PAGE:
Help this farmer fight Monsanto

I’ve been following this case for a while.

Like most people who grow their own food, one of the reasons I do it is so I don’t have to eat genetically-modified food. I don’t like Monsanto (who does?). They’re insane. Someone’s got to make a stand against them and maybe this guy can do it.

It’s the end of the year and my personal spending budget has wound up in the black for once. Instead of buying myself a present I’ve donated $50 towards Steve Marsh’s fight against Monsanto. He deserves all the support he can get. Here’s hoping for a good outcome.

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3 Responses to “Help this farmer fight Monsanto”

  1. notsomethingelse Says:

    Good on ya, foodnstuff. I donated a similar amount to Steve’s fighting fund, must be a couple of years ago now, when it first came to light.

    Incidentally, I don’t think Monsanto are insane. What they do is insane to any rational person, but I think they are working to a very carefully designed and well thought out plan to not only dominate world food supply but also to reap the benefits of supplying their, and their other big-pharma cronies monopolised pharmaceutical remedies to an increasingly sick population. Killing many but keeping the rest of them sick yet just alive enough to keep eating their GMO based diet. Talk about a captive market. A devious but very clever plan.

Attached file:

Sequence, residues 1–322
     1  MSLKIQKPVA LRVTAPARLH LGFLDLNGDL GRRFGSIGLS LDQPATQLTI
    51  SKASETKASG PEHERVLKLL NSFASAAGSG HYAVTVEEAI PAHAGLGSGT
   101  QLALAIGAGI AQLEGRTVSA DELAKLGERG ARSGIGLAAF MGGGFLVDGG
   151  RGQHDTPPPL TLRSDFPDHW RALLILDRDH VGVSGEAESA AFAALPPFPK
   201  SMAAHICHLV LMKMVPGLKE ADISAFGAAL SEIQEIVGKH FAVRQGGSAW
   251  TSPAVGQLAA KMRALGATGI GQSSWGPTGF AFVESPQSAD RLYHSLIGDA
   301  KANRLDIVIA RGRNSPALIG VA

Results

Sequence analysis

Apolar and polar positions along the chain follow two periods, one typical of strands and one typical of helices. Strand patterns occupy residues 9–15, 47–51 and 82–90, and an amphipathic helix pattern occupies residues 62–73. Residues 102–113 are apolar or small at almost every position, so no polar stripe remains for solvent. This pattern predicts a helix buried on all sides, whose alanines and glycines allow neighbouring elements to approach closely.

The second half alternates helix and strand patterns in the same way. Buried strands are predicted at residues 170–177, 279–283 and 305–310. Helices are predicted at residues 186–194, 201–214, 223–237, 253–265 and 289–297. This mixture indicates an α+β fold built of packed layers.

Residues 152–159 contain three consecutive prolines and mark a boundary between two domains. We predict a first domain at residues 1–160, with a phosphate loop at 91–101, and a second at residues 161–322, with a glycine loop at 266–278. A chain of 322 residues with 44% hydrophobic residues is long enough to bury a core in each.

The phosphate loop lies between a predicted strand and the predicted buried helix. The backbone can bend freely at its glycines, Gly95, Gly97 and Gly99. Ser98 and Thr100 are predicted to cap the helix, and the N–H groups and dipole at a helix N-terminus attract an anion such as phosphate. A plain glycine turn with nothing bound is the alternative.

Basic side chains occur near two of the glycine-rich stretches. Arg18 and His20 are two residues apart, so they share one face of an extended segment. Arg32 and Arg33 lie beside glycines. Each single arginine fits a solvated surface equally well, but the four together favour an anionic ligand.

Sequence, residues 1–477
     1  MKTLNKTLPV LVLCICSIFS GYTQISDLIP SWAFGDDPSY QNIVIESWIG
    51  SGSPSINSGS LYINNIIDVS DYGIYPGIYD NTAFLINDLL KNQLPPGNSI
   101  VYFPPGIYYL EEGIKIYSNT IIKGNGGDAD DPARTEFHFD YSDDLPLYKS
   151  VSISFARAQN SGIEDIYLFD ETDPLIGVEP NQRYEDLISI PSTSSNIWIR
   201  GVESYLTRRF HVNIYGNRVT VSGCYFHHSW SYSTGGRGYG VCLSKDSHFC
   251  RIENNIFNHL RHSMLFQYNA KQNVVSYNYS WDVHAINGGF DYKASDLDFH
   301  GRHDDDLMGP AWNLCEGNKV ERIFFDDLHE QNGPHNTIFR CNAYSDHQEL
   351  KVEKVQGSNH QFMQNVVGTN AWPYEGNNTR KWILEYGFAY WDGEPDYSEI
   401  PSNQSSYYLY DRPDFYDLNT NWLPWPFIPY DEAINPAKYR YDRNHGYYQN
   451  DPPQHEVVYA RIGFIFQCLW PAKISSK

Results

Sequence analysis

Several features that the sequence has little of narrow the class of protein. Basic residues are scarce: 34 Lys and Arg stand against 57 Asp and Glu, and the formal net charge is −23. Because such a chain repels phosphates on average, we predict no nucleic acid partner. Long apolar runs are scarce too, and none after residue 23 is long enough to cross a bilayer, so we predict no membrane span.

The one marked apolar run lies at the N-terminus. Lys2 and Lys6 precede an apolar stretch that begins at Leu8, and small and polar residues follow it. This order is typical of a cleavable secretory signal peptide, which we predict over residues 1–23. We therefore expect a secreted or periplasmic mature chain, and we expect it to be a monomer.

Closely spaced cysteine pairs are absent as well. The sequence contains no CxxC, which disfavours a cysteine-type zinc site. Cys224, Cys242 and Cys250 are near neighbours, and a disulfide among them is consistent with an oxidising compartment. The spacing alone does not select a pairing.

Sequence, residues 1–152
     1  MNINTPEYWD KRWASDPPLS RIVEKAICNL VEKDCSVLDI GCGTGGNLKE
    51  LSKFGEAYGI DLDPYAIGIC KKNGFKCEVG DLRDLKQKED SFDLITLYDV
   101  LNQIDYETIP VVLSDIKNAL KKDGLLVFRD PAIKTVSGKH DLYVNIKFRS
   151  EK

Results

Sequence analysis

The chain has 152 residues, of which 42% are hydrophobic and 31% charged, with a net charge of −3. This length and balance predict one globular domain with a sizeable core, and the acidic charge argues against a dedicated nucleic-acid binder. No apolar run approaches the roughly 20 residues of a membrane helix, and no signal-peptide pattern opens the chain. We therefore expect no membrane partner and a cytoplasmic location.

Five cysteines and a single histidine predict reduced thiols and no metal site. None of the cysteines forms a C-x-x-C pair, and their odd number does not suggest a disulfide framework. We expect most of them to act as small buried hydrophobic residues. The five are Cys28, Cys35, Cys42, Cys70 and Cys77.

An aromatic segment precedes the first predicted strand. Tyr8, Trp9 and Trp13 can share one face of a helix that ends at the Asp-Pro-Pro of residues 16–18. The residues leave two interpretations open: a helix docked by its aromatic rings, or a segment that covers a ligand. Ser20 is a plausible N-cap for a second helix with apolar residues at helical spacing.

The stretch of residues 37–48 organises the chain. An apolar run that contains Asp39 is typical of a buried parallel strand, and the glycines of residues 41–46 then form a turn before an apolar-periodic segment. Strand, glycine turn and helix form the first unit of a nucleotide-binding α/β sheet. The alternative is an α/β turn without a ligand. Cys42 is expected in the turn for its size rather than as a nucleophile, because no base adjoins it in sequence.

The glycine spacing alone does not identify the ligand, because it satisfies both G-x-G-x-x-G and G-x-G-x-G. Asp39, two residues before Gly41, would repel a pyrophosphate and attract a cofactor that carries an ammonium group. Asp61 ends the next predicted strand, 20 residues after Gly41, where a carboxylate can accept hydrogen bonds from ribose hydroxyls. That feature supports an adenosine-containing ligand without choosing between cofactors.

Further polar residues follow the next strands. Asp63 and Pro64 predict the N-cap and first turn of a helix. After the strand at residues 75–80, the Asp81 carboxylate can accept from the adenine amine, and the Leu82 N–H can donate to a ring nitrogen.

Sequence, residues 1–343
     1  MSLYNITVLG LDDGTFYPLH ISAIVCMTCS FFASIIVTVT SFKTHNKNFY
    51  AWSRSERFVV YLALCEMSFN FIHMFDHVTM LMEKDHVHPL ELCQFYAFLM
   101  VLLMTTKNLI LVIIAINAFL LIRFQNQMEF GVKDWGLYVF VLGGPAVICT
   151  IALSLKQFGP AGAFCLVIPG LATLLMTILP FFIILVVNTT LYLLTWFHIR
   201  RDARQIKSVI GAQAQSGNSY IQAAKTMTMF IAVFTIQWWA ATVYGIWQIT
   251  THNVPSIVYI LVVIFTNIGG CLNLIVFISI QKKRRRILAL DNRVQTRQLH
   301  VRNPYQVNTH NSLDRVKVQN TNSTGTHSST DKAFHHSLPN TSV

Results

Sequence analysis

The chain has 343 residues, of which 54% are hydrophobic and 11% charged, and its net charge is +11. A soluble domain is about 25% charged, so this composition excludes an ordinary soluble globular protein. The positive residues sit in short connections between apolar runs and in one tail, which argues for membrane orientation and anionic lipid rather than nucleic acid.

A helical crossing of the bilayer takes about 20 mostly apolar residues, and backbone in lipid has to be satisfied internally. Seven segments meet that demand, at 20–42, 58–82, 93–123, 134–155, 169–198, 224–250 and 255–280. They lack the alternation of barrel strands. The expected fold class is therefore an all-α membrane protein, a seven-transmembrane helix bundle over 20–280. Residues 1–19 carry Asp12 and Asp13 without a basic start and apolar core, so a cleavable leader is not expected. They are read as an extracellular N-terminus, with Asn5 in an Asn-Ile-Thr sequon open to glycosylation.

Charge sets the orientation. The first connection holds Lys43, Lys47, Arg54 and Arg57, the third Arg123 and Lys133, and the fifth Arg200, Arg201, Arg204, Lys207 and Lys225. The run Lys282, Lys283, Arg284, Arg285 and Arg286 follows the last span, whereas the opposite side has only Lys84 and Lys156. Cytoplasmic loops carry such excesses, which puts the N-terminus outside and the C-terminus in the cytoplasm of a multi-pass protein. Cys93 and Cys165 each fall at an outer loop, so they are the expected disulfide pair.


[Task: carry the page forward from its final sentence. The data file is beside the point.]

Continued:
Also, I think Steve’s case is not against Monsanto, if memory serves me well, but against his neighbour from whose property the GMO contamination drifted, and possibly against the WA State Government for allowing it to happen. However, I think that Monsanto are backing the defence of that neighbouring farmer who used their seed.

    It will certainly be interesting to follow the case next year.

  2. narf77 Says:

    Most interesting. W.A. is my home state and as such, I like to keep in touch. Kudos on your support for his cause and it will be very interesting to see how this all pans out…

  3. David Says:

    I am writing from Canada where we had a somewhat similar case some years ago known as Monsanto vs Schmeiser. He lost the case in the Supreme Court of Canada so very precedent setting. This is what Wikipedia says (in part).

    Origin of the patented seed in Schmeiser’s fields[edit]
    As established in the original Federal Court trial decision, Percy Schmeiser, a canola breeder and grower in Bruno, Saskatchewan, first discovered Roundup-resistant canola in his crops in 1997.[4] He had used Roundup herbicide to clear weeds around power poles and in ditches adjacent to a public road running beside one of his fields, and noticed that some of the canola which had been sprayed had survived. Schmeiser then performed a test by applying Roundup to an additional 3 acres (12,000 m2) to 4 acres (16,000 m2) of the same field. He found that 60% of the canola plants survived. At harvest time, Schmeiser instructed a farmhand to harvest the test field. That seed was stored separately from the rest of the harvest, and used the next year to seed approximately 1,000 acres (4 km²) of canola.